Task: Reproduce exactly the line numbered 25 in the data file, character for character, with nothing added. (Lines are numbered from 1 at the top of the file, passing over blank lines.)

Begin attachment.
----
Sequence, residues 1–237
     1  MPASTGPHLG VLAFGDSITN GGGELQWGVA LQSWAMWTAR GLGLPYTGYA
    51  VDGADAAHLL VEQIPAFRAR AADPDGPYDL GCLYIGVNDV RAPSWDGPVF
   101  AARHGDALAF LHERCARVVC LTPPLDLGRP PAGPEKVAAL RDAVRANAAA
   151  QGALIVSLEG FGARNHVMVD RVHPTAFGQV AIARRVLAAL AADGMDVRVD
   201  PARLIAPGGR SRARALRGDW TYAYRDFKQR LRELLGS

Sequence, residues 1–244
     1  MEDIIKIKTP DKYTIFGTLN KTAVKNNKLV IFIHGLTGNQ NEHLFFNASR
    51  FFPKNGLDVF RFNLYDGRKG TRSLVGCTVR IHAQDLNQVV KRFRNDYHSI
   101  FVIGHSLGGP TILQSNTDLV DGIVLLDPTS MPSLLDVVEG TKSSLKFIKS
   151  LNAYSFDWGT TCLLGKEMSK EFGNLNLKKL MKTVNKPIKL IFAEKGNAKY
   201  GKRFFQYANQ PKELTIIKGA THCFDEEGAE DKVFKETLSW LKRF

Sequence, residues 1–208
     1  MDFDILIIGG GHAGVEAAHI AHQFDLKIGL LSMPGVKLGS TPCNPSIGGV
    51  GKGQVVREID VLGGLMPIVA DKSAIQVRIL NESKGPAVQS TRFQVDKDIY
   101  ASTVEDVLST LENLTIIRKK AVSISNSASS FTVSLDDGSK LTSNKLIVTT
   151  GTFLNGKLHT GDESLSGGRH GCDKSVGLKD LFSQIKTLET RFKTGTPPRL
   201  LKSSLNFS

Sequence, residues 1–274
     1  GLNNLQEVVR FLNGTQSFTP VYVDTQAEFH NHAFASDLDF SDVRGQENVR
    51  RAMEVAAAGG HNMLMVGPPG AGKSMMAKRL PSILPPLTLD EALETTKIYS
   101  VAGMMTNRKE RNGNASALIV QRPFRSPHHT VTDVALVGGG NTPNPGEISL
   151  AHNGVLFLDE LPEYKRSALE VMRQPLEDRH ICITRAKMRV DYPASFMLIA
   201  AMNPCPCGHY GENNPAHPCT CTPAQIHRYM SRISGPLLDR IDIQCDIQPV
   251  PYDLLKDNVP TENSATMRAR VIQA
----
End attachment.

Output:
   251  PYDLLKDNVP TENSATMRAR VIQA